A new study reveals which size companies and what industries are more likely to under-report worker injuries. The study also points out how this impacts efforts to reduce worker injuries at all sorts of companies.
The study, published in the American Journal of Industrial Medicine, says overall, 70% of workers’ comp claims in Washington state are properly reported to the U.S. Bureau of Labor Statistics for its annual Survey of Occupational Injuries and Illnesses.
Put another way: For every 10 workers’ comp claims involving at least one day away from work in Washington, three aren’t reported to the BLS.
Using 70% as the overall average, the researchers determined which types of companies are more or less likely to correctly report to the BLS:
- Proper reporting increased with establishment size, from 63% of claims among facilities with fewer than 50 employees to 86% for those with 1,000 or more workers.
- Among industries, manufacturing had the best rate at 77% in the private sector, with state government having an 84% reporting rate.
- Information and financial activities was the industry with the lowest rate, 48%.
- Combining industry and establishment size, large construction companies were among those with the highest incidence of unreported injuries.
- More under-reporting was also found among large establishments in agriculture, forestry, fishing and hunting; and transportation and warehousing, as well as small companies in information and financial services; educational services; and healthcare and social assistance, and among companies of all sizes in retail trade; professional business services; and leisure and hospitality.
Why did some types of companies have higher rates of under-reporting injuries than others?
- The construction industry relies on a competitive bidding process that includes injury rates.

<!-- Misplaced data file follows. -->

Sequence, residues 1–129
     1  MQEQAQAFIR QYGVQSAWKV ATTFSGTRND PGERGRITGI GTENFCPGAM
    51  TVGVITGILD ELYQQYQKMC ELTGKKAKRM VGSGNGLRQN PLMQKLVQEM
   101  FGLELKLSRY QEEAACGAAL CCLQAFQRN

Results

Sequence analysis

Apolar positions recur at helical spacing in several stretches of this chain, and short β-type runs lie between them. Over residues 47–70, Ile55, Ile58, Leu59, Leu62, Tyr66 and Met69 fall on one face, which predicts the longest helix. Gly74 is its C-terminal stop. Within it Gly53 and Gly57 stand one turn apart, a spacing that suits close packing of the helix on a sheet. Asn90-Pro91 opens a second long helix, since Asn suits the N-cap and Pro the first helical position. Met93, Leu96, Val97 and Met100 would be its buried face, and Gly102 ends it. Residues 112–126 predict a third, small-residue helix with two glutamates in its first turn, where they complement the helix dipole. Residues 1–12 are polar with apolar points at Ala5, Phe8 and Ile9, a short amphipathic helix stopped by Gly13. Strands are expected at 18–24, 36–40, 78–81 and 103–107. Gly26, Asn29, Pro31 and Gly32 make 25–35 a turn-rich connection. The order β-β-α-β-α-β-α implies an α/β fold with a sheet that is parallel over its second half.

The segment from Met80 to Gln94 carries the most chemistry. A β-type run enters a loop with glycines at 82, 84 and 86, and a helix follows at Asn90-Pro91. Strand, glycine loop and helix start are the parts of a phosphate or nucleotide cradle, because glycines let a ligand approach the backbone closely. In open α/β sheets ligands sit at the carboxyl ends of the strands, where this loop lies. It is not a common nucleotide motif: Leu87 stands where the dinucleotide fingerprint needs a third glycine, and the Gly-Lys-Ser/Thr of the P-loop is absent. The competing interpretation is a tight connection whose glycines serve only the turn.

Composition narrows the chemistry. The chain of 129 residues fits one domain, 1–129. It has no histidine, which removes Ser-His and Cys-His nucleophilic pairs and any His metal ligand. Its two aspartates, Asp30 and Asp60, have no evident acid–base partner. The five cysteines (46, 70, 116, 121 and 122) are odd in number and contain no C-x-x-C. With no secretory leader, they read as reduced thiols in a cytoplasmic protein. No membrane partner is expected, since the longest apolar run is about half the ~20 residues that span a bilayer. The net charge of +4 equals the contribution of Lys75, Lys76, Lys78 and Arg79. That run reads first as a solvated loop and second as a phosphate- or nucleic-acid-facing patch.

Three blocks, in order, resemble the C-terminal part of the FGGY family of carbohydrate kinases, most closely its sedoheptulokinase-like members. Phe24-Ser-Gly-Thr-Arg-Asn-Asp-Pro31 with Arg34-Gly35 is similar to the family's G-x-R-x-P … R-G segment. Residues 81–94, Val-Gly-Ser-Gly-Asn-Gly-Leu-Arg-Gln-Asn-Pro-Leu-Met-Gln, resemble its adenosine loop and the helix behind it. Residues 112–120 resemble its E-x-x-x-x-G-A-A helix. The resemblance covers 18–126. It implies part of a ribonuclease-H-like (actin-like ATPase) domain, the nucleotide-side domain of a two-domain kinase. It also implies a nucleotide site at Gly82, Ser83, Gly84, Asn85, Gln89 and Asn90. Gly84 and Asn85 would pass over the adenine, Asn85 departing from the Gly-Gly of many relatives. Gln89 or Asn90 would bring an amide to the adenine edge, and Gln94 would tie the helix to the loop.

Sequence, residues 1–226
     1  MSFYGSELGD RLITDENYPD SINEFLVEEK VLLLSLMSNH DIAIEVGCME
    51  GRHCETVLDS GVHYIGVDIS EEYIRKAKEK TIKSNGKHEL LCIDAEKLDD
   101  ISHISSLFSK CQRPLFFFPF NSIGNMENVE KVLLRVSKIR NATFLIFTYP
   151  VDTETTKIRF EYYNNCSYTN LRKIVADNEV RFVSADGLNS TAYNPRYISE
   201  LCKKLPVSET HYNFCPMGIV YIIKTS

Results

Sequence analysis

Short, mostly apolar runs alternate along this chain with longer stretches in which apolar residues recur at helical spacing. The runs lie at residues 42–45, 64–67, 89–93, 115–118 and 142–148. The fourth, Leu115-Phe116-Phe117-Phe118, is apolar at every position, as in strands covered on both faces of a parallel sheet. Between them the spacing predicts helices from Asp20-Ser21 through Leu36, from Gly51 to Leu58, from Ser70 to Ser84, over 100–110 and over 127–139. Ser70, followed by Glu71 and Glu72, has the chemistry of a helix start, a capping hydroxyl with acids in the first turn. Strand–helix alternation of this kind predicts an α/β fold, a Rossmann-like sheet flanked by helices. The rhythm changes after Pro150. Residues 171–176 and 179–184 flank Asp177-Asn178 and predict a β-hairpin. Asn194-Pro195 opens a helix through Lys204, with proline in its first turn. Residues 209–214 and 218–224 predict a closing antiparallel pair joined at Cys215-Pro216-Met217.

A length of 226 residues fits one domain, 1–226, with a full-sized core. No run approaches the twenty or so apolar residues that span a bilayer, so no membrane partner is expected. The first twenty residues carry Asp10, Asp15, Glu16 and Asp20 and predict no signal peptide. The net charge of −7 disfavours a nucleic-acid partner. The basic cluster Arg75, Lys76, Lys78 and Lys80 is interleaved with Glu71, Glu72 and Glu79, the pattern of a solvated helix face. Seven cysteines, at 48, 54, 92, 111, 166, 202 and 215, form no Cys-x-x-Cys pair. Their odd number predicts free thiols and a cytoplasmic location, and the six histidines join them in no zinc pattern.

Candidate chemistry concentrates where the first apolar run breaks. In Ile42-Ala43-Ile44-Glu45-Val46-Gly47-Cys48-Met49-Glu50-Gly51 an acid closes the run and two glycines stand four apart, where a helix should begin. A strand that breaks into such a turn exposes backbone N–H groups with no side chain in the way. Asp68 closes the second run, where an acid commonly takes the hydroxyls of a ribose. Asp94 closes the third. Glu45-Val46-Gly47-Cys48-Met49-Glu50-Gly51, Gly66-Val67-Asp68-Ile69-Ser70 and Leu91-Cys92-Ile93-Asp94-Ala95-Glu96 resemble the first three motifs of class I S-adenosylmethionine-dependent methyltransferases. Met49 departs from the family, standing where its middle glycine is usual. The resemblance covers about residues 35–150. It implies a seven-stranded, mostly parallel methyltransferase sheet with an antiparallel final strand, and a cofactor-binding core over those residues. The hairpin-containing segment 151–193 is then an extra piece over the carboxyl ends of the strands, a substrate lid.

- Bonuses for low injury rates may cause more under-reporting.
- Some companies lack an adequate system to report and track workplace injuries. This may be particularly true if it’s an industry where injuries are less likely to occur.
- Unionization may increase the likelihood of injuries being properly reported. That could explain the better rate at state government facilities where employees are five times more likely to be unionized. Companies may be more likely to report more injuries because union representatives review posted injury logs to ensure their accuracy.
- In some cases, the larger size of a company may contribute to less accurate injury reporting because information must be transferred from one individual to several others. Example: The employee reports an injury to a supervisor, who would need to report to a recordkeeper who is located elsewhere.
Why does this under-reporting matter? The researchers note that the variation in reporting impedes the ability to identify and prioritize groups at increased risk of workplace injuries.
How can reporting be made more accurate? The researchers suggest:
- BLS and OSHA increase education and outreach to employers regarding recordkeeping requirements
- Employers use interactive recordkeeping software that reminds users of recordkeeping regulations and performs quality checks
- Data be collected quarterly instead of once a year
- BLS perform some audits of workplace injury reporting, because even the mere threat of an audit may improve recordkeeping, and
- Employers shift from rewarding lower injury rates to incentivizing hazard identification and mitigation instead.
What do you think about the study? Let us know in the comments.